By M. K. Kaya (vol. 2, no. 15 of the Turkey Analyst)
Turkey has been severely affected by the global economic crisis. The country is in deep recession. However, it is still uncertain whether an agreement with the International Monetary Fund will be reached. The agreement with the IMF was expected to be signed after the local elections in March 2009, but the Turkish government continues to postpone the issue. The non-existence of an agreement with the IMF is above all a testimony to the lack of any economic administration to speak of. To implement the measures that are necessary if Turkey is to avoid another economic collapse means that the AKP must be prepared to sacrifice its hold on power.
By Gareth Jenkins (vol. 2, no. 15 of the Turkey Analyst)
It is nearly five years since Turkey’s ruling party passed a substantive package of reforms to comply with EU norms. The few reforms demanded by the EU which have been passed in recent years appear to be more the product of a convergence with the AKP’s perceptions of its own interests than a response to the requirements of the accession process. As Turkish officials try to come up with a formula to avoid a “train crash” in December 2009, their main concern is no longer to move the accession process forward; it is simply to keep it alive.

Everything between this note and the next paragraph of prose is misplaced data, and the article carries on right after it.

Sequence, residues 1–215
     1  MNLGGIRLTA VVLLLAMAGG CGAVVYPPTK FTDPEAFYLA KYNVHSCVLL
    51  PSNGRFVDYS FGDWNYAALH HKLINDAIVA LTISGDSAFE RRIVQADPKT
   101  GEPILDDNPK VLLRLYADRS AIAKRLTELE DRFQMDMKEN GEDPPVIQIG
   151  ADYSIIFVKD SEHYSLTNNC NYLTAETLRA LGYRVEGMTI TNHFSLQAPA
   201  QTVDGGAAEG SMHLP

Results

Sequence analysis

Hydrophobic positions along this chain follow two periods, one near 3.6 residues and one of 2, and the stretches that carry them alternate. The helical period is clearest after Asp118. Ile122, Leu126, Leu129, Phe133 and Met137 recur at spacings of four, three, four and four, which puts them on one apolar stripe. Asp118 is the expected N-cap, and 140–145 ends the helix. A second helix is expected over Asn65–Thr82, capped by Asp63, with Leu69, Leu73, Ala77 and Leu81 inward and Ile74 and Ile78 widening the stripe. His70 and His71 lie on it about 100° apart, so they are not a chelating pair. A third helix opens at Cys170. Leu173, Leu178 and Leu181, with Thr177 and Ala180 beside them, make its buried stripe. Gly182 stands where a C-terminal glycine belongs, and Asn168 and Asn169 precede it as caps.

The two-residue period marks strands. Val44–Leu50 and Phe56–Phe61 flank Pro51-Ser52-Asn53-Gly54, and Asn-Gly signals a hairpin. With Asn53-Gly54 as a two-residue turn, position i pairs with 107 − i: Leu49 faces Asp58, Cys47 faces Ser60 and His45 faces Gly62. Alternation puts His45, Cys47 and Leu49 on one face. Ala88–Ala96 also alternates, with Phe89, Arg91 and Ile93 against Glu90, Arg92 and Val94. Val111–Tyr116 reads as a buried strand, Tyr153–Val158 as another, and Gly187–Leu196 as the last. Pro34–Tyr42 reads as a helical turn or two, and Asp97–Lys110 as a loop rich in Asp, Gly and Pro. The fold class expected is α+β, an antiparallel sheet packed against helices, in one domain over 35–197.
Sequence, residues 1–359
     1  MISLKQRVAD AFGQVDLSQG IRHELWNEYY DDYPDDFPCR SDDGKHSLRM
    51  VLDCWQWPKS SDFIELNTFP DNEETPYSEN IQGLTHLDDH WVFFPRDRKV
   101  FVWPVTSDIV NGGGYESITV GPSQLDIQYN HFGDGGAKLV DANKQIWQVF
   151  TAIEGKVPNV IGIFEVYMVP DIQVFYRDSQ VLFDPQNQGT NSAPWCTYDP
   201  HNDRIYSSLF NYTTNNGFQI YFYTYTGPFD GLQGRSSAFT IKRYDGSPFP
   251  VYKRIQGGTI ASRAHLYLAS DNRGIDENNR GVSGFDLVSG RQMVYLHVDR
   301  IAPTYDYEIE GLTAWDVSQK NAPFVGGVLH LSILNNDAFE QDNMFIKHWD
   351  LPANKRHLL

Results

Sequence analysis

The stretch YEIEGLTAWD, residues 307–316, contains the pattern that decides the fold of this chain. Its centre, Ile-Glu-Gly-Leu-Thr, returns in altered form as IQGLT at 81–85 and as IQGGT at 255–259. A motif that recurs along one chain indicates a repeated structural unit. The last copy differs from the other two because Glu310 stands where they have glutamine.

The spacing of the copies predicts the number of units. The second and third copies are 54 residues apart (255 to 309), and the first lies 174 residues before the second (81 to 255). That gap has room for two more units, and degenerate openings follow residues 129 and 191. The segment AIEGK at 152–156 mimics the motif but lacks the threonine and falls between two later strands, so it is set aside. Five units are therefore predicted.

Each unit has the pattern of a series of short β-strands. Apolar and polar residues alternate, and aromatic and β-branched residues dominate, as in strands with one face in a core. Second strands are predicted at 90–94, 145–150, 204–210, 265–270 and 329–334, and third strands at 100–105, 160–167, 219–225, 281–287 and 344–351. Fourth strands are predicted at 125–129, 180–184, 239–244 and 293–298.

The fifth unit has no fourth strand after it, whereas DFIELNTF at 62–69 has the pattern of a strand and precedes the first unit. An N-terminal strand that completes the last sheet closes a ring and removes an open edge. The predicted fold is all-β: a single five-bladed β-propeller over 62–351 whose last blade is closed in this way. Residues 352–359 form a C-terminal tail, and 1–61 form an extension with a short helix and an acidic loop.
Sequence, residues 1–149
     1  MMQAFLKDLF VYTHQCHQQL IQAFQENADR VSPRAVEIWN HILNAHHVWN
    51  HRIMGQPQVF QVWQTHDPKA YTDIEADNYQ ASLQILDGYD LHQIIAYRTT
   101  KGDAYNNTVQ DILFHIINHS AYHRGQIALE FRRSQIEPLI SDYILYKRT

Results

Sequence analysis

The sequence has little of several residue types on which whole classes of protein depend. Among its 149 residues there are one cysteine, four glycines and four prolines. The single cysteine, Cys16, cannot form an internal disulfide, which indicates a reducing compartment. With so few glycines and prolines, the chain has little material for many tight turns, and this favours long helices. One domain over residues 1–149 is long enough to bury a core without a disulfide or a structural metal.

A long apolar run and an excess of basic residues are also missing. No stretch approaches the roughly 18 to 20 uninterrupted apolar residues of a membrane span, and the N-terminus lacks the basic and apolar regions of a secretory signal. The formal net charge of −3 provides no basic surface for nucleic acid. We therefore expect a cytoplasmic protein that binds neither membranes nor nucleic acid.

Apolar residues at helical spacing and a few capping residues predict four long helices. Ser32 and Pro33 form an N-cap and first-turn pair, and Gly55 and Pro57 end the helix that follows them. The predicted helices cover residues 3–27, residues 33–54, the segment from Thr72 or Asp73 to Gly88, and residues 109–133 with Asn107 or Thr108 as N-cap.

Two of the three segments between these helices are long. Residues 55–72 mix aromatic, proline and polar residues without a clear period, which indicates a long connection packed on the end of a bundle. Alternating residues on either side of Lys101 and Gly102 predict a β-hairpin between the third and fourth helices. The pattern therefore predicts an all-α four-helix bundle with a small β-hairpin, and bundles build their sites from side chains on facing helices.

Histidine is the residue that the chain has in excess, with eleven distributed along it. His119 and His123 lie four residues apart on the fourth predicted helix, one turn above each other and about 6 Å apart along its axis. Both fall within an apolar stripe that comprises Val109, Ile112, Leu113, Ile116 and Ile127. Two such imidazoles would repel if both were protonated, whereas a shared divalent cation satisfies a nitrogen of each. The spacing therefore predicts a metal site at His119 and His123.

By Halil M. Karaveli (vol. 2, no. 14 of the Turkey Analyst)
The AKP government’s “Kurdish opening” is a promising initiative in principle. Turkey can ill afford to postpone the search for a new societal concord. However, the scope for a resolution of the Kurdish issue is extremely narrow. Recognizing that Kurdish nationalism will have to be further accommodated, the Turkish state seeks a way to do so without endangering the unitary state. Furthermore, the AKP’s effort to reconcile the ethnic division of Turkey will be hampered by the fact that the governing party enjoys scant credibility as a uniting force.
By M. K. Kaya (vol. 2, no. 14 of the Turkey Analyst)
As Turkey has become estranged from its Western allies, especially as a result of having being cold-shouldered by the European Union, the country has come to develop closer relations with Russia, a historical rival. During the recent the visit of Russian prime minister Vladimir Putin to Turkey, the two countries signed cooperation protocols in several fields, mostly regarding energy issues. The visit saw progress in advancing regional energy projects that benefit both countries, Turkey obtaining Russian support for its Samsun-Ceyhan oil project and Russia obtaining Turkish agreement for its South Stream gas project. The burgeoning relationship should nevertheless not be seen as an attempt by Ankara to distance itself from the West, but as a Russian move to fill the vacuum left by American and European neglect of Turkey.
The Turkey Analyst is a publication of the Central Asia-Caucasus Institute & Silk Road Studies Joint Center, designed to bring authoritative analysis and news on the rapidly developing domestic and foreign policy issues in Turkey. It includes topical analysis, as well as a summary of the Turkish media debate.